Later on, Benkert writes, “Further, we allow for common grace in other sciences and social sciences even as those sciences arise out of and often serve a naturalistic and humanistic worldview.” But Benkert is mistaken. In fact, the example of science is a wonderful illustration of the relevancy of origins discussed above. Science did not emerge from a non-Christian worldview or non-Christian context, but a Christian worldview and Christianized context. Non-Christian worldviews cannot provide the philosophical basis for science. For example, the Greeks, animistic cultures, atheism, and Islam all struggle with belief in the inductive principle undergirding the scientific endeavor. These positions all affirm beliefs that are inconsistent with the inductive principle.

Moreover, the disanalogous elements between science and CRT|I abound. Science is not devoid of worldview considerations, for one thing. And in medicine, we are not making moral judgments as to justice and injustice, and even if we are, those judgments must be measured by the Bible, and not merely by a vague notion like, ‘all truth is God’s truth.’ The somewhat popular idea that Christian critics of CRT|I are fundamentalists (in the worst sense of that word) with no regard for the doctrinal category of common grace is, quite simply, a straw man. The category of common grace need not entail a free-for-all.

The Fatal Flaw

With these three objections out of the way, we reach the center of Benkert’s argument, which is that the SBC can use CRT|I without adopting its “worldview,” and thus avoid its dangers. Benkert may be right when he claims, “We should allow for clarification, nuance, and complex thought and not merely reject an argument simply for using a word or phrase like ‘social justice’ or ‘systemic racism.’” At the same time, these words and phrases are often thrown around as though their meanings are plain and as though they should be accepted without question, when these terms are actually tied to broader concepts that are not consistent with the Christian worldview. The concern is that these terms are sometimes offered so as to obfuscate or smuggle anti-Christian concepts into the conversation. When we use these words, we are not merely borrowing a secular ideology’s language and redefining it in ad hoc fashion. As will be demonstrated in the next post, Benkert does not mean to use ‘neutral’ or biblical versions of these terms anyway, but actually grounds them in CRT|I. Perhaps there is something to be said for the fact that Scripture does not present us with a systematic theology, per se. Perhaps there is wisdom in keeping our theological language and categories as close to the text as possible.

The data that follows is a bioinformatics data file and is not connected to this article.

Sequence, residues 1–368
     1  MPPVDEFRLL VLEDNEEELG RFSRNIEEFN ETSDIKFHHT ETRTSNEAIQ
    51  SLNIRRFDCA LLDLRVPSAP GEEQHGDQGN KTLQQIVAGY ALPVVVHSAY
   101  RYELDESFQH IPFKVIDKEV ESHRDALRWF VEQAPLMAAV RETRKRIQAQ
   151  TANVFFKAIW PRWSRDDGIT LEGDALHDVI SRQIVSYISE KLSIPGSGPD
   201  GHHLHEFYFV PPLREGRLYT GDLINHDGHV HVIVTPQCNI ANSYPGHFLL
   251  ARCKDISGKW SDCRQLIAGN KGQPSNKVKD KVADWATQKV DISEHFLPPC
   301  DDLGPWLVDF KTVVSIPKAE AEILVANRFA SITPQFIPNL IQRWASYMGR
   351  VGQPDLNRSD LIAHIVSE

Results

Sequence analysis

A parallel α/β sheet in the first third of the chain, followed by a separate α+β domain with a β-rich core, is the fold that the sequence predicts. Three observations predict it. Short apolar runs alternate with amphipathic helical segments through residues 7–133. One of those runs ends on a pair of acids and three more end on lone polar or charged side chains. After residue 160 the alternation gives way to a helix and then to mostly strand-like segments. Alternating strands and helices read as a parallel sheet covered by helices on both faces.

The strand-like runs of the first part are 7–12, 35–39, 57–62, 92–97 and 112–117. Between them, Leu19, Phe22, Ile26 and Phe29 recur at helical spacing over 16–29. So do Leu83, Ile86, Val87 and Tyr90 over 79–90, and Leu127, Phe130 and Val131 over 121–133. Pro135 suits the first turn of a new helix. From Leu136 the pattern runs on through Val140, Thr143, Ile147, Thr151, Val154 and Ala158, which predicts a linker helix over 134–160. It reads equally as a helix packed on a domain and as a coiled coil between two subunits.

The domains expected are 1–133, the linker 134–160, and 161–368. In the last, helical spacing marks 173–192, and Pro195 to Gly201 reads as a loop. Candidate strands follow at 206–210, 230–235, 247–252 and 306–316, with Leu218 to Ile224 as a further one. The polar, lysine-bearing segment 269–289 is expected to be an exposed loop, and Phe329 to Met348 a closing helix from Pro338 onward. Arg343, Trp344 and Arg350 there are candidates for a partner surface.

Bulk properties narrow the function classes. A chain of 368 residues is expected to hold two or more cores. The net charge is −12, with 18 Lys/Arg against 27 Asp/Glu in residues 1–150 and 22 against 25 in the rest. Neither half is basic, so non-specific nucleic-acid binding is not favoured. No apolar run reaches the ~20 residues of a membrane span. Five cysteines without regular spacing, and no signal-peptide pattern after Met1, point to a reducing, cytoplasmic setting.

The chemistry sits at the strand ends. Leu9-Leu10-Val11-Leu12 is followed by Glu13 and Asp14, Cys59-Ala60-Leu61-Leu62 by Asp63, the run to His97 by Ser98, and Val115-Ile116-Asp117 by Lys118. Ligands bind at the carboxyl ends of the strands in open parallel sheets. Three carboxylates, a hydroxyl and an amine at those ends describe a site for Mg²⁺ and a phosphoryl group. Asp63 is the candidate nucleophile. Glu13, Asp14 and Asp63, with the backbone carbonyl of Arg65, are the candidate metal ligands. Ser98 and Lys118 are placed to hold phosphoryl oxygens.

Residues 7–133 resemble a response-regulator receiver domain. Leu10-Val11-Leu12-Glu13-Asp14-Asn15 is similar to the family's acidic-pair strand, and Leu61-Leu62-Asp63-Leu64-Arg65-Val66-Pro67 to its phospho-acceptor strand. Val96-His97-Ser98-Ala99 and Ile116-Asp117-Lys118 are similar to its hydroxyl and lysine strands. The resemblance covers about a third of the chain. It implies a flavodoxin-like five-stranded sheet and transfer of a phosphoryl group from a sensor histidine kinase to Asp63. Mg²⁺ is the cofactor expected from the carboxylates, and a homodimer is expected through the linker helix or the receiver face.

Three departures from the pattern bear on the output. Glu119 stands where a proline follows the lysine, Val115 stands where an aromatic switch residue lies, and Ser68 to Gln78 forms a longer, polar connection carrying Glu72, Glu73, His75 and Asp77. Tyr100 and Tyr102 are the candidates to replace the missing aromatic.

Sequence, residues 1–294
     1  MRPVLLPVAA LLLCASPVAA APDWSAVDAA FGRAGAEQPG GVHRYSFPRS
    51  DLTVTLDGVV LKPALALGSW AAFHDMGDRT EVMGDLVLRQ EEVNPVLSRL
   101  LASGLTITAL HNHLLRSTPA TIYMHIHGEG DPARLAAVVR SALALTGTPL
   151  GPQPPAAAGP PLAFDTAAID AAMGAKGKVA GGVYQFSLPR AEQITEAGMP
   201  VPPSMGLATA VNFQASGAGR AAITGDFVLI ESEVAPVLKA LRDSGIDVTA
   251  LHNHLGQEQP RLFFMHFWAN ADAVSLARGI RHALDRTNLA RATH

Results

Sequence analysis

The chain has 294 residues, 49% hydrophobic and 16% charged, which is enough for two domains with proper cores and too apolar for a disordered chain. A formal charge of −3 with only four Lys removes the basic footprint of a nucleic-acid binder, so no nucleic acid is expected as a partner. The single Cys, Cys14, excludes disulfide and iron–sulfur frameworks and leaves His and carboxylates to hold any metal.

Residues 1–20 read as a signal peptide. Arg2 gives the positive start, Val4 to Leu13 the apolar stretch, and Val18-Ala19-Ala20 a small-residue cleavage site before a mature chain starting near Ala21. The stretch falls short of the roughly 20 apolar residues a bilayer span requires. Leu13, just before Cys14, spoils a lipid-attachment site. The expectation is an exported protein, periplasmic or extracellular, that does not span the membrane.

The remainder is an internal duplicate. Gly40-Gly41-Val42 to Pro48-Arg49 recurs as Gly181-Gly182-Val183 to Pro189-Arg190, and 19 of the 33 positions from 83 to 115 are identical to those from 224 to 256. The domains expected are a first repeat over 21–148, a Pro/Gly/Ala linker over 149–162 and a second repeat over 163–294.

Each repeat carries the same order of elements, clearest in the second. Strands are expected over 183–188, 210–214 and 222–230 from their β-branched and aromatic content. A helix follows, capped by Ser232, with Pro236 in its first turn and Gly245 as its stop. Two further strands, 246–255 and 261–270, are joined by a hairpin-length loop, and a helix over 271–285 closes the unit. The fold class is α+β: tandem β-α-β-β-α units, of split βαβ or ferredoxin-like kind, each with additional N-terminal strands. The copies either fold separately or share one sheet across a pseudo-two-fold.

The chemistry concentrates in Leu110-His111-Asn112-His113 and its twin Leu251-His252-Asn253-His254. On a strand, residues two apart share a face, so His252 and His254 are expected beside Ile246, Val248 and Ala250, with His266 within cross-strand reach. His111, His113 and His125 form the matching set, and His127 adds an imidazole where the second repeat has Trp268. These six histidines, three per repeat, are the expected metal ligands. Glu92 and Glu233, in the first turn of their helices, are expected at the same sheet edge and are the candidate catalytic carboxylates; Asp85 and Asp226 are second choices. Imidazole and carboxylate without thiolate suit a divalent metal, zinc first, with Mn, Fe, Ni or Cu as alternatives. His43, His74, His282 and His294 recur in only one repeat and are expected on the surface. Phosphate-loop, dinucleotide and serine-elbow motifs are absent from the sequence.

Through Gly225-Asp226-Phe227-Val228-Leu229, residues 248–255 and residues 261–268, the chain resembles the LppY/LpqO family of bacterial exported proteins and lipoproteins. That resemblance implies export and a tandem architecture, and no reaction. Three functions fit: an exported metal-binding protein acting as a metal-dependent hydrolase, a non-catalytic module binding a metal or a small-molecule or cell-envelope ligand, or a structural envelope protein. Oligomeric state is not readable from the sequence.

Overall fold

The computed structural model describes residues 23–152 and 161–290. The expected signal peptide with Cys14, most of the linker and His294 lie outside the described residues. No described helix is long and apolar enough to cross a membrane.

In response to the danger of CRT|I, Benkert claims that the “valuable insights” and epistemology (“ways to gain helpful knowledge”) of CRT|I can be taken separately from the CRT|I worldview. Benkert believes Resolution 9 is undoubtedly an instance of the affirmation of his approach to CRT|I as a mere set of analytic tools rather than a worldview.  However, he never defines what he means by “worldview,” or how his dependence upon an entire epistemology differs from the embrace of a non-Christian worldview that he believes undergirds it.

Again, Benkert wants to say, “we neither embrace nor align with the worldview and solutions of CRT/I.” However, he never explains what it is to embrace or align with the “worldview” of CRT|I. What does he mean? What is the difference between the supposed tools and the worldview? What does Benkert mean in saying he rejects the “solutions” of CRT|I? One is either using CRT|I or not. Why accept portions of the worldview and not the worldview, or the diagnosis of CRT|I without its prescription? At the very least, these are worthwhile questions. At worst, from Benkert’s angle, the answers to these questions reveal a fatal flaw in Benkert’s approach to this topic.